Regarding corporate governance and remuneration, measures are introduced from the directive (2013/36 / EU) to promote good corporate governance of financial institutions. Specific:

  • Limits are imposed on the number of councils in which a director can participate (two more if executive functions are exercised and up to four if executive functions are not exercised).
  • The simultaneous exercise of the position of Chairman of the board of directors and CEO (which will be exceptionally authorized by the Bank of Spain) is limited.
  • The variable remuneration is limited to 100% of the fixed remuneration, unless the shareholders' meeting authorizes exceeding that threshold, up to a maximum limit of 200%.
  • Part of the total variable remuneration, to be determined by the entity, must be subject to reduction or even recovery clauses for remuneration already paid.
  • It also introduces the requirement that entities have a remuneration committee and an appointment committee.
  • Entities are required to publish the total remuneration received annually by all members of their board of directors.
  • The need to approve their remuneration policies in a binding manner is extended to all credit institutions, in parallel to what will be required of listed companies, as proposed by the Committee of Experts on Corporate Governance.

Regarding the prudential supervision and solvency of credit institutions, the preliminary bill integrates the supervisory functions on the solvency of the Bank of Spain and the obligations of the entities, systematizing the Spanish regulations and incorporating the novelties from the EU. These are:

  • The obligation of the Bank of Spain is set for the first time to present at least once a year a Supervisory Program that collects the content and the form that the supervisory activity will take and the actions to be undertaken by virtue of the results obtained. This program will include the development of a stress test at least once a year.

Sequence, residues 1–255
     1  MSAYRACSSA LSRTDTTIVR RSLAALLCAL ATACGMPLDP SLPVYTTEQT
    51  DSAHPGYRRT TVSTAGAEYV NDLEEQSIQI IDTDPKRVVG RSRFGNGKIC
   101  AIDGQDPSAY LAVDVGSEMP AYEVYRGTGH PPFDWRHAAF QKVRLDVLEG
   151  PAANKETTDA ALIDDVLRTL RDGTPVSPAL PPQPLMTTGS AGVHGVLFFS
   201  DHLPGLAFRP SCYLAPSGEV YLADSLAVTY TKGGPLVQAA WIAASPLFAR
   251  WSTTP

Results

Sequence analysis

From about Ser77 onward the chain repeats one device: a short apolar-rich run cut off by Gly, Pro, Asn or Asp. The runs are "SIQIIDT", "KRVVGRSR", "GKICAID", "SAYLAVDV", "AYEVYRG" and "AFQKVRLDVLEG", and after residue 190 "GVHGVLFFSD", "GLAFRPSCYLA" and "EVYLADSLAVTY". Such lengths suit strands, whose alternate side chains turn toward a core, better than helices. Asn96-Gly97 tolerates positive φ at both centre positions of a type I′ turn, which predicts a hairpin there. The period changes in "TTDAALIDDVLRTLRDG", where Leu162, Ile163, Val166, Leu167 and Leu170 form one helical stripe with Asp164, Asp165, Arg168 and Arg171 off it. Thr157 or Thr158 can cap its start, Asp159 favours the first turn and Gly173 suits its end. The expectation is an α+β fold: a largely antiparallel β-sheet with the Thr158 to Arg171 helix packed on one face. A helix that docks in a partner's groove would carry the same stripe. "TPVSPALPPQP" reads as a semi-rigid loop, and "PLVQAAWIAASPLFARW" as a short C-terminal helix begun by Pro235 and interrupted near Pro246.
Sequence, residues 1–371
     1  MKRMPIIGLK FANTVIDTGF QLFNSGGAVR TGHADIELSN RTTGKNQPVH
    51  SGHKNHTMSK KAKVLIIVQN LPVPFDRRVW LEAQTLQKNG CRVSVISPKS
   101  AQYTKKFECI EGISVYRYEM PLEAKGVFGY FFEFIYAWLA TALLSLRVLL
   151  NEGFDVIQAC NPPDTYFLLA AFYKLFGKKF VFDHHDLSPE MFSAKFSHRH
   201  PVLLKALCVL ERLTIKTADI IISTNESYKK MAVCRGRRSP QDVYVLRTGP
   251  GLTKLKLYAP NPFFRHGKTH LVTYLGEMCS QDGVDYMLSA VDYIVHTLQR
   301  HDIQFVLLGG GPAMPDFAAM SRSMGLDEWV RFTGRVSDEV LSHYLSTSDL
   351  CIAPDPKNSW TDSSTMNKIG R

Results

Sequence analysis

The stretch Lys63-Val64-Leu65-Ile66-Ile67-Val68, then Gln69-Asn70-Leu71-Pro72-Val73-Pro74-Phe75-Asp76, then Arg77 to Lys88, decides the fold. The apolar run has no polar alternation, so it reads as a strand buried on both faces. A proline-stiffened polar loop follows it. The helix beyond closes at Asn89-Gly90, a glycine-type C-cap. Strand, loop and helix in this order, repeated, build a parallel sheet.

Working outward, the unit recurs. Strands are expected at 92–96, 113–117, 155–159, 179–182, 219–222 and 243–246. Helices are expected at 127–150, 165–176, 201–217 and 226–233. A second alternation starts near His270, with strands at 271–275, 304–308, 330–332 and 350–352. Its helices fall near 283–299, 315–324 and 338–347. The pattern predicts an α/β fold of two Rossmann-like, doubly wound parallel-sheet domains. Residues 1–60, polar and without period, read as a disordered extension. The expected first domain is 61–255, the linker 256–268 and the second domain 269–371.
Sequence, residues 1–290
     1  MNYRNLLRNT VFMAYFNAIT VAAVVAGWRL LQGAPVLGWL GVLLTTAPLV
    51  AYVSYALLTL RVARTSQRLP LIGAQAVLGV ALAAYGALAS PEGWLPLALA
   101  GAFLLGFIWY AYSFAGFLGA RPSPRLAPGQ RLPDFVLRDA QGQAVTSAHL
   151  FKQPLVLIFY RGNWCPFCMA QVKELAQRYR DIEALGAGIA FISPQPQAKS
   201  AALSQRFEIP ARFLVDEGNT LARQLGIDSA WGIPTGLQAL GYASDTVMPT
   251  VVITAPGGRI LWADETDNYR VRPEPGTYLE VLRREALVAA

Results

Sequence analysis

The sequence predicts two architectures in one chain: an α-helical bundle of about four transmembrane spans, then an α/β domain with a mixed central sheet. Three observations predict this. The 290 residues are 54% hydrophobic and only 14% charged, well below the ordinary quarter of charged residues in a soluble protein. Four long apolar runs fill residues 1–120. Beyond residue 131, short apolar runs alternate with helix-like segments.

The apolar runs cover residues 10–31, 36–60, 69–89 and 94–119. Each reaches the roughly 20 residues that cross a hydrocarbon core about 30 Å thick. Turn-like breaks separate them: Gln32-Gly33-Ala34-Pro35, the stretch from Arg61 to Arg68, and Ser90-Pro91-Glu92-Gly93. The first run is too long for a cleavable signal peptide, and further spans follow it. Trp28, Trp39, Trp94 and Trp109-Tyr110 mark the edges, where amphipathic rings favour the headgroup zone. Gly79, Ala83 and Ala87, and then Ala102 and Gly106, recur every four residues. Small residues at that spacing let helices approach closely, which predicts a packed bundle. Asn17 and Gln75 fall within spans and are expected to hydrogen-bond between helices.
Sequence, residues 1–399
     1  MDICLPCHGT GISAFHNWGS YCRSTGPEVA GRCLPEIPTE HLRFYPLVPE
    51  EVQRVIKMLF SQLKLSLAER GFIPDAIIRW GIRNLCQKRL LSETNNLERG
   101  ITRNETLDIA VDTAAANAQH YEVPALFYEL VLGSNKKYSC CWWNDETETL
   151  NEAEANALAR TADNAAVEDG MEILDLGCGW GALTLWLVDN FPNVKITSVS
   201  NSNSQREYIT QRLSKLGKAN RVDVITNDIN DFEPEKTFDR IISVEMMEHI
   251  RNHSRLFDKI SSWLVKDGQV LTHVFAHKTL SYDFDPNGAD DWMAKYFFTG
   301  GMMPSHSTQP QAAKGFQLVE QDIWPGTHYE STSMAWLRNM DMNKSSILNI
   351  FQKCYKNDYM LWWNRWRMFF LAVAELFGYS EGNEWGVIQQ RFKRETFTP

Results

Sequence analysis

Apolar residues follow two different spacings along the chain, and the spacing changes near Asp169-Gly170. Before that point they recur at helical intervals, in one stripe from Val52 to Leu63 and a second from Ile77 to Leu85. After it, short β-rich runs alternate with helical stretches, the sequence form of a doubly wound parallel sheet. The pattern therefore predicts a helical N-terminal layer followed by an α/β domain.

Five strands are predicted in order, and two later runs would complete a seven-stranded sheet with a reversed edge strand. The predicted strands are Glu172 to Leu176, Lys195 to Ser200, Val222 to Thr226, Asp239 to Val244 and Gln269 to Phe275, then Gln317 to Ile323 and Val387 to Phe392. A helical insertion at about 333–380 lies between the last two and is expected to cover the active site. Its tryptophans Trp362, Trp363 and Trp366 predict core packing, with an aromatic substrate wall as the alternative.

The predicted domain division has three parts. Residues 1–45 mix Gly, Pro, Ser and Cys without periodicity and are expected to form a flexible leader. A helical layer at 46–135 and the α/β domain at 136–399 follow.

• It establishes the obligation of credit institutions to publish annually the so-called Annual Banking Report, a document where data such as the number of employees, taxes payable or public subsidies received among others are collected on a consolidated basis.

On the other hand, all the new solvency requirements that remain for national decision are incorporated. For these purposes, the so-called capital mattresses are foreseen, which allow supervisors to demand higher capital levels than those established in Regulation (EU).

Finally and in relation to the sanctioning regime, the standard integrates the legislation already in force and introduces those modifications necessary for the transposition of the Directive. The amounts of the sanctions are increased and the formula for its calculation is modified, becoming, in the case of very serious infringement, up to 10% of the total annual net turnover or up to 10 million euros if the percentage out below this figure. In the event that the benefits derived from the infringement could be quantified, up to five times the amount of the benefits.

The European solvency package extends the provisions on supervision and solvency to investment services companies. To this end, the Securities Market Law is modified, to establish obligations parallel to those established for credit institutions.